Ways to a grow a wood working business during tough times

Ways to a grow your business during these tough times

By Jeff Finney

Right now is undoubtedly a difficult time for most businesses. Some are completely shutting down, while others are operating in a limited capacity. It’s very easy to fold up during hard times and not work on your business out of the fear of the unknown. But, if I learned anything from the last recession, it’s that mindset plays a huge role in your company’s future success. During the previous recession, I chose to believe that there was no work available. I told myself that it would be impossible to get any more contracts because there were too many people vying for them. And, it turns out I was right, but only because that’s what I chose to believe.  Of course there was no new work coming into my shop because I wasn’t out there looking for it! I wasn’t winning new contracts because I wasn’t making connections with prospects, not because they all overlooked me in favor of a competitor. This time around, I’ve chosen to believe that if I invest in my company, my processes, my employees, and my systems that I’ll be in a better position than my competition when the work comes back. My actions now are setting me up to grow my market share. I’ve already taken several steps and made changes so that, once this storm clears, my business will grow substantially. The top five ways I think businesses can grow in hard times are: 

1. Sell when others are not

 Put out some lines now, even though there aren’t as many buyers. Continue to sell and work your sales process rather than telling yourself that no one is buying. Many people are not, but some are.  Connect with old leads or past customers, as well as current customers who may not be committed right now. Whatever you do, don’t give up on your continuous sales process. Even if you aren’t getting a lot of bites right this second, you’re keeping yourself top of mind for your customers and leads. When they get to a point where they’re ready to buy, you’ll be the first one they think of.  

2. Tighten up your processes

 In my shop, we’ve been devoting time to tightening up several of our processes. There are changes that we’ve wanted to make but have been putting off because we were too busy. Now, we finally have time to address all of those things.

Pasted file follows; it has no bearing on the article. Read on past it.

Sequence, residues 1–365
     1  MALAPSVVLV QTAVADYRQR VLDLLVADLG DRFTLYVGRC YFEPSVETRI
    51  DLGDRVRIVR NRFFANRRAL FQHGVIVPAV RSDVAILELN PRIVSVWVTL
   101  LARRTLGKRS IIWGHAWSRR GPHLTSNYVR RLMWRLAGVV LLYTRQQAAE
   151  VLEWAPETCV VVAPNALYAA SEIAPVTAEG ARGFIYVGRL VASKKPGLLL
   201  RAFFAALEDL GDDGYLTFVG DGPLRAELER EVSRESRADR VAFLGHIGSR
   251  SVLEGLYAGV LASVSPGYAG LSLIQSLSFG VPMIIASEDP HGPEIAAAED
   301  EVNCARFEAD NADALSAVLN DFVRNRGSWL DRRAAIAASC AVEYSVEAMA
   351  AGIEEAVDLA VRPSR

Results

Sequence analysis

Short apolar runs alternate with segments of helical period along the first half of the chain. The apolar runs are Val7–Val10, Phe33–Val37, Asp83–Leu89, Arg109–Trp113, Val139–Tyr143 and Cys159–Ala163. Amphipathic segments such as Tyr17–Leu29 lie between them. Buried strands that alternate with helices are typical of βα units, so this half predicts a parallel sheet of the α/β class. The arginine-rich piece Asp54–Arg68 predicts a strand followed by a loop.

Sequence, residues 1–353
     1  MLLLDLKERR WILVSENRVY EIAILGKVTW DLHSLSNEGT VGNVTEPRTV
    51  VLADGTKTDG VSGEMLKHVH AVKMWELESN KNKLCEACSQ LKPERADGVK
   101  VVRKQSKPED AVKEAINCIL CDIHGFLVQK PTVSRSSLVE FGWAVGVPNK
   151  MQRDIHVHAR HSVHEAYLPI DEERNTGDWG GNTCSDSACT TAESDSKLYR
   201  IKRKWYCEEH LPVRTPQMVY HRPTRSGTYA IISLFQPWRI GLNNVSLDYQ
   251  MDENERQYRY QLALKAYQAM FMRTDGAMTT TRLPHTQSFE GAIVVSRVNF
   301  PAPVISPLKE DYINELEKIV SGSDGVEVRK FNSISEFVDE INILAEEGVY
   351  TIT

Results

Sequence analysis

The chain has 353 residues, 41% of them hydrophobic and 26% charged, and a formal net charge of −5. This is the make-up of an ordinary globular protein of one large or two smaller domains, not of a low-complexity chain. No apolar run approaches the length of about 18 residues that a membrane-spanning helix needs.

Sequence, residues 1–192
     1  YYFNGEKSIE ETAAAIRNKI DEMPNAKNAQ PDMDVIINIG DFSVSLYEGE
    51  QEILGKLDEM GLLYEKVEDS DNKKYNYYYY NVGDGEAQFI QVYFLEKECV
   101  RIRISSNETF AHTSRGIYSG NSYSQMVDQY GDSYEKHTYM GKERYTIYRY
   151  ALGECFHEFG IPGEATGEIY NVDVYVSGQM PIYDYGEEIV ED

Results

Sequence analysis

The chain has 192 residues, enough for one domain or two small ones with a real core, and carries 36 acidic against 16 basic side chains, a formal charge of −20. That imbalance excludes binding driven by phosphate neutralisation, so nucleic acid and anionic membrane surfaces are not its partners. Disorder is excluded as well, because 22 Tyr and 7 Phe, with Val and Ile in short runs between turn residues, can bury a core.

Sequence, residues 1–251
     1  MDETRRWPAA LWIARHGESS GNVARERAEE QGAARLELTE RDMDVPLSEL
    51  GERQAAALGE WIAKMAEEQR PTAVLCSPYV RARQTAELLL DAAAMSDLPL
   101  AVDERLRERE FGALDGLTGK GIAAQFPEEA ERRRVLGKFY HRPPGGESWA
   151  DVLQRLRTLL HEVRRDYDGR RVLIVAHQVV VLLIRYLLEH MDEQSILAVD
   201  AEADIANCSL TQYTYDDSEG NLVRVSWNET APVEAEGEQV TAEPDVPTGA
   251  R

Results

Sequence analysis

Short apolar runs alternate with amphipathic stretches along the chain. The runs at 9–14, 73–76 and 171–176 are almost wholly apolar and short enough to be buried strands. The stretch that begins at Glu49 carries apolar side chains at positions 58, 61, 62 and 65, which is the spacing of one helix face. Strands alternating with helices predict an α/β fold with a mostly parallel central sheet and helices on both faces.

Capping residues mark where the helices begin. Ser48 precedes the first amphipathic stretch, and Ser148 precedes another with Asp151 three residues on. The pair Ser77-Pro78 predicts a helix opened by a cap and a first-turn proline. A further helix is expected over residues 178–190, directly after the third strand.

3. Streamline everything you can and get organized

 For me personally, this means my office processes. There are things that I’ve wanted to improve but just haven’t done yet because I haven’t had the time or a pressing need. However, now has been the perfect time for me to work on getting organized in the office.  Even though I’m the only one doing a lot of the work right now, I would eventually like to delegate some of it to my team. The only way to delegate something is to streamline and make processes for it, so this is one place I’ve been spending my extra time.  

4. Invest smart

 Put your money where you’ll have the greatest return when the work comes back.  Money is undoubtedly going to be tight during these times, so you have to invest wisely. “Investing” doesn’t necessarily mean it has to be a large purchase or something that uses a lot of cash. I’m talking about things that will incrementally increase your capacity when it does get busy again.  One thing my shop is doing is adding and upgrading tooling and on all of our workbenches. Several of our stations needed small things like new hand tools, new air lines, or more drills. By purchasing more than one drill per station, for example, I’m saving motion and time because my team can just grab a drill that’s already got the right bit on it. When you consider how many times my team had to stop working to switch drill bits in a single shift, you can see how the impact of simply adding an extra drill to each station can really add up. This was a small purchase, but it was a big investment in efficiency. Look for areas in your shop where small changes can add up over time to have a huge impact.  

5. Outsource to reduce your fixed cost

 Anything that you can do to get your costs into the variable column and out of fixed will really help you keep more cash in the business and make a consistent profit. One of the greatest benefits of outsourcing is that it’s there when you need it, but it’s not a continuous cost when you aren’t using it.  If you don’t have any jobs to assemble or build, then you’re not ordering parts for those jobs. When you can reduce your inventory, work in progress, and labor, it makes it much easier to weather economic slowdowns like this. If you would like to learn more about our ready-to-assemble Lockdowel components, click the link below for a free sample kit. Get in touch if you have any questions about outsourcing with Ultimate Cabinet Components.